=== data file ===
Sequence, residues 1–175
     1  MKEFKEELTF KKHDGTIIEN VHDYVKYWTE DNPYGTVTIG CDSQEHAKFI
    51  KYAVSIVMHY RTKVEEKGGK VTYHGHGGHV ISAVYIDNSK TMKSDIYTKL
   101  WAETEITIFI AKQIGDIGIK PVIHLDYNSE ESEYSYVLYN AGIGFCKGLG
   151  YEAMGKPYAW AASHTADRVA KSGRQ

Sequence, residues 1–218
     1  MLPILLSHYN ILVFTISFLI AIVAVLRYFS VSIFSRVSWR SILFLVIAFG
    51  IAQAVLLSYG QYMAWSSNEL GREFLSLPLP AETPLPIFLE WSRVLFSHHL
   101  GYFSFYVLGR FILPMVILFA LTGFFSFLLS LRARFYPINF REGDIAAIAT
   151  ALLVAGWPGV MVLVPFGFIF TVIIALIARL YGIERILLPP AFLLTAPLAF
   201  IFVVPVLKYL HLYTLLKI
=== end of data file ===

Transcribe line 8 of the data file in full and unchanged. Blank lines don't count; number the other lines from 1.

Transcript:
    51  IAQAVLLSYG QYMAWSSNEL GREFLSLPLP AETPLPIFLE WSRVLFSHHL